Tet, or Lunar New Year, is the most important celebration in Vietnamese culture and a major holiday across the country that summarizes what they did in the old one. It is considered an essential mark for changes, plans, and progress. In addition, Vietnamese people believe that what they do on the first day of the new year will affect their rest, so they pay great attention to every word they say and everything they do.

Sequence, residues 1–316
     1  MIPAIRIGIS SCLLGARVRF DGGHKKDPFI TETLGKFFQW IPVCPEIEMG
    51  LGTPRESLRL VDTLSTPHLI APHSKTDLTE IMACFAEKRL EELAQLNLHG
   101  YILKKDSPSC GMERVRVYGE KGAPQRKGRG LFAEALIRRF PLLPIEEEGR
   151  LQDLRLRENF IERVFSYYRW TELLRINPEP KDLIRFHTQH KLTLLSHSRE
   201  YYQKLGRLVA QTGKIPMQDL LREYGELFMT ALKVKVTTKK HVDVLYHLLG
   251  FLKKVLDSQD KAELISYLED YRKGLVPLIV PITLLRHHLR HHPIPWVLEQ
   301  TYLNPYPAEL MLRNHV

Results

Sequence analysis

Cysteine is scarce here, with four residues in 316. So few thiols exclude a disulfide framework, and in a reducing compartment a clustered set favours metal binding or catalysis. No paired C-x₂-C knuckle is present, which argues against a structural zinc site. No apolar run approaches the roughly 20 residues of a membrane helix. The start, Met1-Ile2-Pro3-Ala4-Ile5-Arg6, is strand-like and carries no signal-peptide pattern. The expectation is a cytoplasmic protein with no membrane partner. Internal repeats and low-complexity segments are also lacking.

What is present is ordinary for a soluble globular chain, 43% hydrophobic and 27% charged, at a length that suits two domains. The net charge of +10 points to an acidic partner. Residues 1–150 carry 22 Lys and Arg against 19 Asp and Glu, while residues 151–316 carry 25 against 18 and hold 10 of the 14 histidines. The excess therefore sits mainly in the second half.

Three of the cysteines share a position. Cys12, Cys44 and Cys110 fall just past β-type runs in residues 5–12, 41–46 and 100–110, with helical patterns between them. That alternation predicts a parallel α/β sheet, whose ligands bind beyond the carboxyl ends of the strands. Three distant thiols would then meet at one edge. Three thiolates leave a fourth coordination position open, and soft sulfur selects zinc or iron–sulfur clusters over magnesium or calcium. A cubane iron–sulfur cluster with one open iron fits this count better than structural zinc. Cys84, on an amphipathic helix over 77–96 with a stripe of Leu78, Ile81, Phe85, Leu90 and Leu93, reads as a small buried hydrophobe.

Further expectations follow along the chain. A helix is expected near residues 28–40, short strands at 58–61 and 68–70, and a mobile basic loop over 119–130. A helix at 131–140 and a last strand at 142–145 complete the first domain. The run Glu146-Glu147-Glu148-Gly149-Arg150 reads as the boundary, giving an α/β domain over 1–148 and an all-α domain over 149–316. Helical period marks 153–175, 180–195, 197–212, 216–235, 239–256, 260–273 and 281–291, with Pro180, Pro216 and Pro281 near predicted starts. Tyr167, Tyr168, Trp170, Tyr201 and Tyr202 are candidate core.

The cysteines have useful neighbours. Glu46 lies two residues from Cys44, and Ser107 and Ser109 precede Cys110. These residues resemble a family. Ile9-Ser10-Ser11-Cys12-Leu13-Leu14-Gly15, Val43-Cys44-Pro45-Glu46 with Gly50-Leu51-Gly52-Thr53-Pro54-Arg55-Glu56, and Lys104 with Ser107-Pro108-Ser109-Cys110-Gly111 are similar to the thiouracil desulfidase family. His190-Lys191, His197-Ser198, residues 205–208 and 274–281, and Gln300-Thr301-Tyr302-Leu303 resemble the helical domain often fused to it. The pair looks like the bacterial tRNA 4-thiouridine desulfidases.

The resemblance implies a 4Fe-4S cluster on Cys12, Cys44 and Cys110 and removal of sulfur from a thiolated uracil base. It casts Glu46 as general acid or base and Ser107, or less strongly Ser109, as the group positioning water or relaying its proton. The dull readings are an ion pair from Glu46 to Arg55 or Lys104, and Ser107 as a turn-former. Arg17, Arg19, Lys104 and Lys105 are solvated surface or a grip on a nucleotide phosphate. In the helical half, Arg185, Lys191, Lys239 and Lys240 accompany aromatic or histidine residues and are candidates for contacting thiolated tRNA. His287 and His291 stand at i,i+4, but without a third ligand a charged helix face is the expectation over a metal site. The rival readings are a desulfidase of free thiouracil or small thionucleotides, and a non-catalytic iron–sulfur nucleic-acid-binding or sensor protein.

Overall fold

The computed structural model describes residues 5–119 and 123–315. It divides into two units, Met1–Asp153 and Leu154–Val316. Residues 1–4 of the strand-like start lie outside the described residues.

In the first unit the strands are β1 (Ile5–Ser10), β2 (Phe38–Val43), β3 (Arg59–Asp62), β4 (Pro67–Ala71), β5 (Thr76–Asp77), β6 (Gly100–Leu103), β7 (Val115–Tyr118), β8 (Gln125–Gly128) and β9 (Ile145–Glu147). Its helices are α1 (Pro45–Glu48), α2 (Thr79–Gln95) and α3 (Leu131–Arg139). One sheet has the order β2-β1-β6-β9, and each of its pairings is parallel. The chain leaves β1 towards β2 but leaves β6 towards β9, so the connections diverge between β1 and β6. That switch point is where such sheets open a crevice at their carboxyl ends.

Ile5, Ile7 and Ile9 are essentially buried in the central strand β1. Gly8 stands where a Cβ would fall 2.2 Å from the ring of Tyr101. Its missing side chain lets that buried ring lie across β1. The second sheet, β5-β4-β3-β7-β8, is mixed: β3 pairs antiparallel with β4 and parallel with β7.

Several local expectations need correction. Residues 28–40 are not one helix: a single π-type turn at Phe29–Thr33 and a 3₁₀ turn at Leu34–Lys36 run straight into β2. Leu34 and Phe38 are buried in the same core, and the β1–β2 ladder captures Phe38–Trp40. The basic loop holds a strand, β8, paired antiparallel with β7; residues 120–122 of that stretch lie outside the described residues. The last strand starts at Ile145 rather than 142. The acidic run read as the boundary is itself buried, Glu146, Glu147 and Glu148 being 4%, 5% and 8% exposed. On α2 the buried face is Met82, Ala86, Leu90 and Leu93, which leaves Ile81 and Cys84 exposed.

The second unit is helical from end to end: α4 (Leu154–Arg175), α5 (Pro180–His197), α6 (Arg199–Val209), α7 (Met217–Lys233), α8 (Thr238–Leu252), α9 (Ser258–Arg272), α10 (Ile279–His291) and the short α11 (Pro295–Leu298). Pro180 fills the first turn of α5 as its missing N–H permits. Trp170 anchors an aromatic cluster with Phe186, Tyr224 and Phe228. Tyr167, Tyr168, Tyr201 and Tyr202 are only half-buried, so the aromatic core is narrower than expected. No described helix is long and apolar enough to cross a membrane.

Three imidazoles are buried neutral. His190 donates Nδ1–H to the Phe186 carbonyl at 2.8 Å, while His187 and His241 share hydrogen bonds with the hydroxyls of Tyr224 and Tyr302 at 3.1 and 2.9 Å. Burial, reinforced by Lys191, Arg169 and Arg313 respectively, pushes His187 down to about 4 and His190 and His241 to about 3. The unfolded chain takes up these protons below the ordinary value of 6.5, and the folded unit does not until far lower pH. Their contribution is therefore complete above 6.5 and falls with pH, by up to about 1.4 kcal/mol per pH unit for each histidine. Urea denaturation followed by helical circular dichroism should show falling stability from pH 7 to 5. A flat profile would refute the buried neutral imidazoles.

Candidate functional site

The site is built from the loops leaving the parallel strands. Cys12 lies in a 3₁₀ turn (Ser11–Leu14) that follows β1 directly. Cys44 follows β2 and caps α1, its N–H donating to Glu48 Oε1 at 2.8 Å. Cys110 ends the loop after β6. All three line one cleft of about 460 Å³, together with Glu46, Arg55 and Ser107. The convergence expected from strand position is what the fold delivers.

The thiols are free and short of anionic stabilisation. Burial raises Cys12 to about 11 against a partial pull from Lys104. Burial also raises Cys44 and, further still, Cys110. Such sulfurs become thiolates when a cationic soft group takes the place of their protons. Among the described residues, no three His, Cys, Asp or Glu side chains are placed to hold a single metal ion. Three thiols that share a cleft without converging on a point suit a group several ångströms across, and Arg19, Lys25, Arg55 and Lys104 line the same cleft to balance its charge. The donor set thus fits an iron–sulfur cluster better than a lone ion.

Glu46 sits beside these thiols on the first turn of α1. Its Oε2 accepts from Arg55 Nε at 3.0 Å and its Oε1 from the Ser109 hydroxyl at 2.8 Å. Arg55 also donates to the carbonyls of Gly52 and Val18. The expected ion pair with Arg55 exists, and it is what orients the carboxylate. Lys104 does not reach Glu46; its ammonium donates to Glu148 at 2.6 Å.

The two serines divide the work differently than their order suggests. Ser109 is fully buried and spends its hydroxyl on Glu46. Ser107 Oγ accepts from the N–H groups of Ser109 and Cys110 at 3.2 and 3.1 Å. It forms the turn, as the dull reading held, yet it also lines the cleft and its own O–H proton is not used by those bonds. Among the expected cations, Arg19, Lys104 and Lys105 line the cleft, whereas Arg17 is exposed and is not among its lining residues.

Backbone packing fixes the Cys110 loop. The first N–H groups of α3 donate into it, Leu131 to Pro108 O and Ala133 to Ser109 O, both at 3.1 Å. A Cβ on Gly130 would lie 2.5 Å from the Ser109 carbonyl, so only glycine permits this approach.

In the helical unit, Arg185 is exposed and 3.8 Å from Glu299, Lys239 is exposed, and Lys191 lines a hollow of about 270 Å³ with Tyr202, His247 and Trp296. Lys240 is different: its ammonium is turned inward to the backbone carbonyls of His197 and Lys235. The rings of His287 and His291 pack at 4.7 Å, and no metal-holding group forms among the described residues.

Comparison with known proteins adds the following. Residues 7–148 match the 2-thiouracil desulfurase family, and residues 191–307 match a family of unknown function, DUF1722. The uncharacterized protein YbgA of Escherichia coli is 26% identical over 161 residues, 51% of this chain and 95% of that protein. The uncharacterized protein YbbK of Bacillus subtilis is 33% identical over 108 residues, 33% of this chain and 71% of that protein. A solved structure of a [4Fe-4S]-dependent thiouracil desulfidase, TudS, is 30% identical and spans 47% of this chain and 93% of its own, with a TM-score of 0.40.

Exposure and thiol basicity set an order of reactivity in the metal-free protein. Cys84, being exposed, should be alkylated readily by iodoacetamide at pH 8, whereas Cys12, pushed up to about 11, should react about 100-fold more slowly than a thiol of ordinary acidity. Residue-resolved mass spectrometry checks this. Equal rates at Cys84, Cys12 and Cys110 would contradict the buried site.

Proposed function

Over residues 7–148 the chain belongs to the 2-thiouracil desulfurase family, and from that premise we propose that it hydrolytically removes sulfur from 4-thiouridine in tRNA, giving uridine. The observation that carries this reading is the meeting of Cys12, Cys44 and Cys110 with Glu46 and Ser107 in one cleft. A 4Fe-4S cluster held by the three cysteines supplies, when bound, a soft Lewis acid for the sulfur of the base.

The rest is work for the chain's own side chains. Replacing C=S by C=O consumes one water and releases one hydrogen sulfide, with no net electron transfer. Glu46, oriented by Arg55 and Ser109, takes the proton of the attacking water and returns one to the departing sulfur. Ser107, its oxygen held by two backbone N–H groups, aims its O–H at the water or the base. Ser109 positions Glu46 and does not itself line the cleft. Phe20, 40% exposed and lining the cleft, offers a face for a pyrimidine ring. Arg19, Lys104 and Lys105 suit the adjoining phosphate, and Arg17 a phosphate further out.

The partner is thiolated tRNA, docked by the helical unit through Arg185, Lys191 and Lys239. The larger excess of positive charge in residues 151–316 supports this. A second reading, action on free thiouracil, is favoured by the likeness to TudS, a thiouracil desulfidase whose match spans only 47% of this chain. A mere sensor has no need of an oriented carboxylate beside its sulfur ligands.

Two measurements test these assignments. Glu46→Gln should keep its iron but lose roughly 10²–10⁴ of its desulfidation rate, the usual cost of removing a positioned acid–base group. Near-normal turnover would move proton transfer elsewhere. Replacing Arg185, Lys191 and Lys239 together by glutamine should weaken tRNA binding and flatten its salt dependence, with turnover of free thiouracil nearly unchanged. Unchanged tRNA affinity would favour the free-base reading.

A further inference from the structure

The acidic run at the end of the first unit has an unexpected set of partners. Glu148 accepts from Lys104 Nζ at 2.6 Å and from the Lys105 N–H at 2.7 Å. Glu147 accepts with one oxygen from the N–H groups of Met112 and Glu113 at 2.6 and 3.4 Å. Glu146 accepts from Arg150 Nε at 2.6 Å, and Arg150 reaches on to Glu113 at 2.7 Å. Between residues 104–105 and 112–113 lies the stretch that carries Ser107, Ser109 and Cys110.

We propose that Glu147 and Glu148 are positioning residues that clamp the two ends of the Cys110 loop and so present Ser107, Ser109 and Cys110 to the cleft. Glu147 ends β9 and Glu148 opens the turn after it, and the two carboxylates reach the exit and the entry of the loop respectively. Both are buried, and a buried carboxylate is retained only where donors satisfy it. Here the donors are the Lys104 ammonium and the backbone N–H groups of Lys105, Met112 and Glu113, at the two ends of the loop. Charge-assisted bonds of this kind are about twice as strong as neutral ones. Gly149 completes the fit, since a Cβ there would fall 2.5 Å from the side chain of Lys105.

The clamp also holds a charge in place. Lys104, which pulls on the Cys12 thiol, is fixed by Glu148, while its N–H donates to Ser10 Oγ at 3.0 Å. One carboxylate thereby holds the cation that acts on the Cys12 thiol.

Although the New Year date is January 20, the days leading up to Tet as well as the days following it are considered national holidays. Vietnamese prepare for Tet by cooking specific New Year foods, cleaning out their homes, and paying respects to their ancestors. Flowering trees are placed outside every home and office, and a feeling of excitement and cheer envelops the entire country. On the very first day of Tet, children will receive a red envelope containing lucky money from elders in a tradition known as “mung tuoi” in the north and “lì xì” in the south.